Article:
Tri States Public Radio Staff
Wed March 17, 2010
West Prairie School District Cuts Teachers
Sciota, IL – Yet another western Illinois school district is laying off teachers because of uncertainty over state funding. The West Prairie School District is letting go of four full-time teachers and three part-time teachers. They will finish out the current school year but will not be brought back for next year.
The Board of Education held a public hearing before making its decision. The only person who spoke is Corrine Galvan, President of the West Prairie Education Association.
"We recognize, even sympathize, that the district needs to make cuts to accommodate for reduced, missing, and late state funds," said Galvan. "However, we are concerned that the district will be compromising the quality of education for our students in exchange for balancing a budget."
Galvan suggested the board consider other ideas, such as reducing the number of administrators and consolidating the two athletic director positions into one.
You can listen to Galvan's presentation to the board by clicking on the audio button.
After the meeting Galvan said she was disappointed, but added she realizes the board had little choice in the matter.
"When you see excellent teachers leaving, and see the impact it's going to make on our kids, that's when it gets very difficult," said Galvan. "And to know that there's nothing the board could have done different to prevent this. That this is forced upon us by the state."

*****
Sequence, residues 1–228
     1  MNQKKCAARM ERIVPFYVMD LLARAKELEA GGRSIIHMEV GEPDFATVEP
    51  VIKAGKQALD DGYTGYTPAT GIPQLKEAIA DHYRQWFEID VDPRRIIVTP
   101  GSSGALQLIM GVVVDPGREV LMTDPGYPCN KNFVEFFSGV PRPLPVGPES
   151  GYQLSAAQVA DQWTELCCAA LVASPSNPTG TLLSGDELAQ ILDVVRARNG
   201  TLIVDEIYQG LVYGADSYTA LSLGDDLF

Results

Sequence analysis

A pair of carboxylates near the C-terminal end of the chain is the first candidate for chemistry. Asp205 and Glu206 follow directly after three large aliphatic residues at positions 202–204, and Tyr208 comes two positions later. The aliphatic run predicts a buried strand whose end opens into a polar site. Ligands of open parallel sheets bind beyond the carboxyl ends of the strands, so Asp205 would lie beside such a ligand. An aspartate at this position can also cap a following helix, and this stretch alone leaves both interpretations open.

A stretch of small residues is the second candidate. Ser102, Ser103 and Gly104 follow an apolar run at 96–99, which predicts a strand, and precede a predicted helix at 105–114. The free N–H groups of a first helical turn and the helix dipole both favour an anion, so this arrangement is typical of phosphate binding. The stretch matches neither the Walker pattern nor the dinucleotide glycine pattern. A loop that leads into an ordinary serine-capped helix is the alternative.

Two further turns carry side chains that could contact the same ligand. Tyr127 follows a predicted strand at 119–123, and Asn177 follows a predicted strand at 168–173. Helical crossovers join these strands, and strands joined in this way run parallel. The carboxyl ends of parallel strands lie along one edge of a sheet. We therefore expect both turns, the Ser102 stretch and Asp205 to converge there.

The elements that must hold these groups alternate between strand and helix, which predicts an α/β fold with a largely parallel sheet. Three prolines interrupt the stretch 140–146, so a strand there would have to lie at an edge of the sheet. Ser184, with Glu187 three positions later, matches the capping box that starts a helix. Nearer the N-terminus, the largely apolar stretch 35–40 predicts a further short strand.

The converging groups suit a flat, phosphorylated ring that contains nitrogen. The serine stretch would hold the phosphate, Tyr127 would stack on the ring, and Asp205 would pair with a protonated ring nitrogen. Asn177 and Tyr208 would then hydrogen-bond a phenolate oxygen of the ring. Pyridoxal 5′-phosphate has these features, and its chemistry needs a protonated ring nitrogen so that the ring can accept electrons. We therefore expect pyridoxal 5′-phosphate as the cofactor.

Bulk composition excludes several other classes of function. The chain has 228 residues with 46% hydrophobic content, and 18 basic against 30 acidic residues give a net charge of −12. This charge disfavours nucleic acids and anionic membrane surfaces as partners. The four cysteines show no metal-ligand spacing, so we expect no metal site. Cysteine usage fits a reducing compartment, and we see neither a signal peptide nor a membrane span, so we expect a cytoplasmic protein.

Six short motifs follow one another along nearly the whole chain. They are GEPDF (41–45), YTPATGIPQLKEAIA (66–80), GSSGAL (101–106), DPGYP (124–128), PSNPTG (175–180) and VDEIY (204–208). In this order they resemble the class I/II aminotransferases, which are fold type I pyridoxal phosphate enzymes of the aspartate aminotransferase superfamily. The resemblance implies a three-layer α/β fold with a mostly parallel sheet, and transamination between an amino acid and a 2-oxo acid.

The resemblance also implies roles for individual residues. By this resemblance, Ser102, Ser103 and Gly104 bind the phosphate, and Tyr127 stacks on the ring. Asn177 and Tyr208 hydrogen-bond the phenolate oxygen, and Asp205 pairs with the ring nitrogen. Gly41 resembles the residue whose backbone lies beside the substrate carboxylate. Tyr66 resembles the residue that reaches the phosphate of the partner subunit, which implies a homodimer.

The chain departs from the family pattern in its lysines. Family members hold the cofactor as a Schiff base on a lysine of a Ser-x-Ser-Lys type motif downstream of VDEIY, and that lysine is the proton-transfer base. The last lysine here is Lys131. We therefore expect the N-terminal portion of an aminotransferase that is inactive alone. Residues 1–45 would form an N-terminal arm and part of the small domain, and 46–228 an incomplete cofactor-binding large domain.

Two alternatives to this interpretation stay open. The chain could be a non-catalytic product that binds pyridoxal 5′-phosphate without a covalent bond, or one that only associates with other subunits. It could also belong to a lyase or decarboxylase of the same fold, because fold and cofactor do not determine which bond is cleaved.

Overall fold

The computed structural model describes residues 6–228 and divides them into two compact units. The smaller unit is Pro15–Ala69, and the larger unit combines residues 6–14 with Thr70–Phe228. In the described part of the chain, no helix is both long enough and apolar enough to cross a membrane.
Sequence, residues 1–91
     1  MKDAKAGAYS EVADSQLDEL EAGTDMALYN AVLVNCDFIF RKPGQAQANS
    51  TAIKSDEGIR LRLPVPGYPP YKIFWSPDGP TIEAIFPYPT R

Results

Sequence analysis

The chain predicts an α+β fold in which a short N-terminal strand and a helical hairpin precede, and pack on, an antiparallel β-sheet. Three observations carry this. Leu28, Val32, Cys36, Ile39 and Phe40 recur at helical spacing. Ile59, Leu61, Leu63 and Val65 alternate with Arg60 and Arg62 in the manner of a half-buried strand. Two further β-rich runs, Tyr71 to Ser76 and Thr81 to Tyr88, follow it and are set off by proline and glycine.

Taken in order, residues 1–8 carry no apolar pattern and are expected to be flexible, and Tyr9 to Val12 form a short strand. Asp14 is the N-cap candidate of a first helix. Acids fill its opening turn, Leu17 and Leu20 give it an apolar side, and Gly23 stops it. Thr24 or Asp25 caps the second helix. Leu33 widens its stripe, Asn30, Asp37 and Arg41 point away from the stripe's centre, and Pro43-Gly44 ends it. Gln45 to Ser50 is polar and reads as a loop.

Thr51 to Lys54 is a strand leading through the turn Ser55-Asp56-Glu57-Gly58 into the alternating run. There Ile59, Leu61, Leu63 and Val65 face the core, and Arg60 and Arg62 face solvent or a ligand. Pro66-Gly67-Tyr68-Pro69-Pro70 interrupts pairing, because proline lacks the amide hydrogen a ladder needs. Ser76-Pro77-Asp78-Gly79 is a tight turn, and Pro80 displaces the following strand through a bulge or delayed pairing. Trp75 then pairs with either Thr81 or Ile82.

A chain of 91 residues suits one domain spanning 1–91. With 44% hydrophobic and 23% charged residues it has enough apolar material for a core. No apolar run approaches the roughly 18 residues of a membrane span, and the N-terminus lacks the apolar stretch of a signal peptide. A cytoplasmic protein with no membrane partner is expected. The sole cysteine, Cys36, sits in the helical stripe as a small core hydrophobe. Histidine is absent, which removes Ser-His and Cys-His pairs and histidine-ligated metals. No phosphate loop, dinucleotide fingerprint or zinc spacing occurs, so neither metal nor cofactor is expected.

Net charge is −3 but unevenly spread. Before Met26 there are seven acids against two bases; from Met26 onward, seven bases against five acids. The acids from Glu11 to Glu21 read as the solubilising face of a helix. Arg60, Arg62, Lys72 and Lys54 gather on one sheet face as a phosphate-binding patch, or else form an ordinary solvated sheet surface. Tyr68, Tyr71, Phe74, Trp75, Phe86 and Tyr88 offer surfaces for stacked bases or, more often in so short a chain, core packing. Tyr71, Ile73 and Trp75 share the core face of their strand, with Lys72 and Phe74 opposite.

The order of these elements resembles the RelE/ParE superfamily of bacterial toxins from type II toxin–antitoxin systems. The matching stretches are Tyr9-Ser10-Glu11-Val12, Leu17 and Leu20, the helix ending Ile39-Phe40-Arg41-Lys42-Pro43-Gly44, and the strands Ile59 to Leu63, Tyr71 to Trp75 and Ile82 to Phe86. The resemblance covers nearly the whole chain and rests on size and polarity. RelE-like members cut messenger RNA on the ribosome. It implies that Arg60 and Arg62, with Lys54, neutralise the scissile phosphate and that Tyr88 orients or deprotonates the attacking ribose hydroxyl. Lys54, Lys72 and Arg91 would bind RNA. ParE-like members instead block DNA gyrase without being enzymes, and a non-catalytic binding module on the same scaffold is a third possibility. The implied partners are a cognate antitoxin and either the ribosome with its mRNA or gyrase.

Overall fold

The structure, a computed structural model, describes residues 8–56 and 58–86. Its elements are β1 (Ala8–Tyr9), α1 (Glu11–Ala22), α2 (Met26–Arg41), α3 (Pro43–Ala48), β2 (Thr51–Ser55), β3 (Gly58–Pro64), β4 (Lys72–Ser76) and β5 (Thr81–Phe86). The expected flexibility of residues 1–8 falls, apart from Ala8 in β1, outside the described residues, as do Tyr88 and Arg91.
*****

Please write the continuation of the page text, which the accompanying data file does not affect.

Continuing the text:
Galvan also pointed out that West Prairie is not the only district laying off teachers, saying "This is a statewide crisis in education funding."
Superintendent Jonathan Heerboth said all of the part-time teachers who are losing their jobs work at elementary schools. Of the full-time teachers, one is from the Pre-Kindergarten program, two from the middle school, and one from the high school.
Dr Heerboth also said a guidance counselor position will be left vacant. That, combined with the cuts, will save the district $218,621.
Board of Education President Scott Vogler said the district would have preferred to wait to make cuts until the state's funding picture becomes more clear, but school districts are required by state law to notify those who will not be retained at least 60 days before the end of the school year. The final scheduled day of classes in West Prairie is May 27.
Vogler hopes some of the teachers can be brought back once the state's financial picture becomes clear.
The district has 72 full- and part-time teachers.